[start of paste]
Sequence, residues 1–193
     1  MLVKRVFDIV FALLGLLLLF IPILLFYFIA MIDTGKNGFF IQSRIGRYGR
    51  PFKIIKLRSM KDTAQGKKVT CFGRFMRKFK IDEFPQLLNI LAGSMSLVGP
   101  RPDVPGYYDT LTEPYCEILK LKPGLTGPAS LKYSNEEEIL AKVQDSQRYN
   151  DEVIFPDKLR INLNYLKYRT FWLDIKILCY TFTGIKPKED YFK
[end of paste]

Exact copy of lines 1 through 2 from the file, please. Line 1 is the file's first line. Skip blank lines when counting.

Sequence, residues 1–193
     1  MLVKRVFDIV FALLGLLLLF IPILLFYFIA MIDTGKNGFF IQSRIGRYGR